You don’t have to work in a steel mill to join Fight Back Pittsburgh. You just need to believe that we need an economy that works for all of us and that together we can stand up and fight back to win a fair deal for working people in our community.

Fight Back Pittsburgh is part of the United Steelworkers Associate Member Program and we work a lot like a local union. We’re a grassroots, democratic organization that works together to fight in our neighborhoods, in our local government, and in our workplaces for change and to improve our lives. We meet monthly, we’re funded by small dues contributions paid by our members, and we take action based on the ideas and proposals of rank-and-file members like you.

6:30 at United Steelworkers Headquarters, 5 Gateway Center, 15222 (downtown).  You can see the agenda and RSVP via Facebook, If you can't make it in person, the meeting will be live-streamed online here.

Jan 4-5: Community Rights Workshop

Not to be missed by those who are committed to community empowerment for a sustainable future!  

6-9 p.m. on Friday, Jan 4 and 9 a.m. to 6 p.m. on Saturday, Jan 5 at the Friends Meeting House (4836 Ellsworth Avenue in Oakland)  Cost per person is $50 (but no one will be turned away for inability to pay).  Space is limited to 35 maximum;  sign up early, and please share this with people you know who would find this really useful.  Registration information:  http://environmentaljusticetmc.blogspot.com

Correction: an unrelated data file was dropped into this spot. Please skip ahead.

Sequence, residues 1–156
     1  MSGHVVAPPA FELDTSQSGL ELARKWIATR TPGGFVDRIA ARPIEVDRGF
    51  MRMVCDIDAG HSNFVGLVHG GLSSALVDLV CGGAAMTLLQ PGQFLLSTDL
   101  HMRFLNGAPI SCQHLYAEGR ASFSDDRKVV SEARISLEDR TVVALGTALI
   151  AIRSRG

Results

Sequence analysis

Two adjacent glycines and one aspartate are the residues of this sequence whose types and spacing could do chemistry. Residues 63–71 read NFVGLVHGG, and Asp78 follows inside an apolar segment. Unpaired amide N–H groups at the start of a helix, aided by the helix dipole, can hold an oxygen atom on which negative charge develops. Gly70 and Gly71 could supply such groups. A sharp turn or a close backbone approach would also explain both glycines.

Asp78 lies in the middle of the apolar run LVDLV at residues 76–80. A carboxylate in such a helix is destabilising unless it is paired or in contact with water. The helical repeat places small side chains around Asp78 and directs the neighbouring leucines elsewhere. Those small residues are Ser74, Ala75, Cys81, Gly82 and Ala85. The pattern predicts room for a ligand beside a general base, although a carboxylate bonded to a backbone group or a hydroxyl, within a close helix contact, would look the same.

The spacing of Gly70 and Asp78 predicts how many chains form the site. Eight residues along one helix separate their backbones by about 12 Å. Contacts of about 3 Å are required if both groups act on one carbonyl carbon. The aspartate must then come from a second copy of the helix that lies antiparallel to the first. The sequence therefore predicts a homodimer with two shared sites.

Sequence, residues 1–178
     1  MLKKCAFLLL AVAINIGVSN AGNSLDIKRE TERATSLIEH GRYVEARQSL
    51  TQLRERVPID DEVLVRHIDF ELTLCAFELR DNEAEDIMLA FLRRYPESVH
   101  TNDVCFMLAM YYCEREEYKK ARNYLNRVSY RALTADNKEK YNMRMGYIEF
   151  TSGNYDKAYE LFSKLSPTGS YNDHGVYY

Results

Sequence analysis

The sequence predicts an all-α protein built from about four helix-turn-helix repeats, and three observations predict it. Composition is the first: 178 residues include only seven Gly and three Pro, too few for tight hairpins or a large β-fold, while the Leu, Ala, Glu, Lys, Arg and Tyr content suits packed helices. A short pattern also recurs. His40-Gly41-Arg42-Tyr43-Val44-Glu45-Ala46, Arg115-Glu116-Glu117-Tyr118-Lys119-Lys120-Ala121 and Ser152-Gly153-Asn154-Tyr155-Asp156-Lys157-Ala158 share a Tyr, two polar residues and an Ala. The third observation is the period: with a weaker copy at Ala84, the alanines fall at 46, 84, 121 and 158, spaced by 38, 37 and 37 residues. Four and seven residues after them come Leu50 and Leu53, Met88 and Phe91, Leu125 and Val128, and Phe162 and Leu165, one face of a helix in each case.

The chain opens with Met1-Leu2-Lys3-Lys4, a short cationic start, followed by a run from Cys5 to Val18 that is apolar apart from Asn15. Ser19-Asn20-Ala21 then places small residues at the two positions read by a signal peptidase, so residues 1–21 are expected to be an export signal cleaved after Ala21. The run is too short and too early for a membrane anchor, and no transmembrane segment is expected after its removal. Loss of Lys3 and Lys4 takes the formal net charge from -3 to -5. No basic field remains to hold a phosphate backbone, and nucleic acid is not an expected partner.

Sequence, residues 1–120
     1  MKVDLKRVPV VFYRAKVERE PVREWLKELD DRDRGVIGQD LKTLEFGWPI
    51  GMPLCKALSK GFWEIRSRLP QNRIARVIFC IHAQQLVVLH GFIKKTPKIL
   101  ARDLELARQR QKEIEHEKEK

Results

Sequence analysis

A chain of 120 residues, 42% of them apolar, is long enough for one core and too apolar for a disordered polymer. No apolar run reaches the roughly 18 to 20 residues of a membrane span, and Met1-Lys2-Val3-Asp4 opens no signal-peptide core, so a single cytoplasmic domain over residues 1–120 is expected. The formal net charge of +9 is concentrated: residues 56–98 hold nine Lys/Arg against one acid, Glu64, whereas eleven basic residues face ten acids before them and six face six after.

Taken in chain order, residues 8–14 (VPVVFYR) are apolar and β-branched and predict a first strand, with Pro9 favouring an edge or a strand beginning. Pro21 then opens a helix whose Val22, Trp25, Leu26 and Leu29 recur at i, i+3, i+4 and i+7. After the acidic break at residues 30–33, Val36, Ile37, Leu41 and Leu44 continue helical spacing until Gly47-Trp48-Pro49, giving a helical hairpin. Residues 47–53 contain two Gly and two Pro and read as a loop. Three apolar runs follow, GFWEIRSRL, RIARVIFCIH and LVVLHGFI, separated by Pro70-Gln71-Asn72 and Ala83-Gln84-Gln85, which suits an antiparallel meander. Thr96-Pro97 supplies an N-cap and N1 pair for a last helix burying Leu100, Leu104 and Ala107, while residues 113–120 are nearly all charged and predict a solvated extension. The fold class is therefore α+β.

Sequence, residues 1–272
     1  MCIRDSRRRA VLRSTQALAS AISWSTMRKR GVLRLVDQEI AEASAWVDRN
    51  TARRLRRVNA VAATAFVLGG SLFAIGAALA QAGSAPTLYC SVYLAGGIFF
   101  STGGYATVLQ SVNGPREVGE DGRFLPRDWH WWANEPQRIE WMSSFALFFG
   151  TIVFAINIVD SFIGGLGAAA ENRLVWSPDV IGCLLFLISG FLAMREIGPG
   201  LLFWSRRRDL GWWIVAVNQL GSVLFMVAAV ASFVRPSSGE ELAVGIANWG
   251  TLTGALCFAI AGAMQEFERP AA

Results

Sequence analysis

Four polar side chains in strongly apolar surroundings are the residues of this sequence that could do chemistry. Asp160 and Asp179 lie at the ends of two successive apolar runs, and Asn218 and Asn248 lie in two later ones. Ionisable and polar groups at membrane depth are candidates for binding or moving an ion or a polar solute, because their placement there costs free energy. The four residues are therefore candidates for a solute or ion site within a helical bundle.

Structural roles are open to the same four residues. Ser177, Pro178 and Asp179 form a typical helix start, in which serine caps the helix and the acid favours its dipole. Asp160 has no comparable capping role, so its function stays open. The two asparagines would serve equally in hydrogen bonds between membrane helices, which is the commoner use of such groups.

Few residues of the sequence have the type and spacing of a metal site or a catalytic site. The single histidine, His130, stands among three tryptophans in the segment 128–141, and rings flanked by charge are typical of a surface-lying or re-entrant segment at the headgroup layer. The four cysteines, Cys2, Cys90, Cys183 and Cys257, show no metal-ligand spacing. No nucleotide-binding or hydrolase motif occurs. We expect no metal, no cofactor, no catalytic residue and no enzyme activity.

Wondering why corporations have more power than those of us living in our community?  Wondering why Harrisburg licenses and permits corporations to harm our community?  Wondering why Harrisburg routinely prevents us from making decisions that are in the best interests of our community?

The Pennsylvania Community Rights Workshop takes an in-depth look at how Pennsylvania's political and legal structures have been set up to protect the interests of an elite minority, at the expense of the majority of Pennsylvanians.  We'll look at how Pennsylvania's constitution has continually evolved since the American Revolution to protect wealth and privilege over community self-government.  We'll look at how corporations in Pennsylvania have received more rights and protections than those of us living in our community, and we'll look at how Pennsylvanians have pushed back against these oppressive structures to reclaim democracy in their communities.

Finally, we'll consider what it would take to create a Pennsylvania constitution that protects the rights of people, communities, and nature by securing our inalienable right to local self-government, free from corporate and state interference.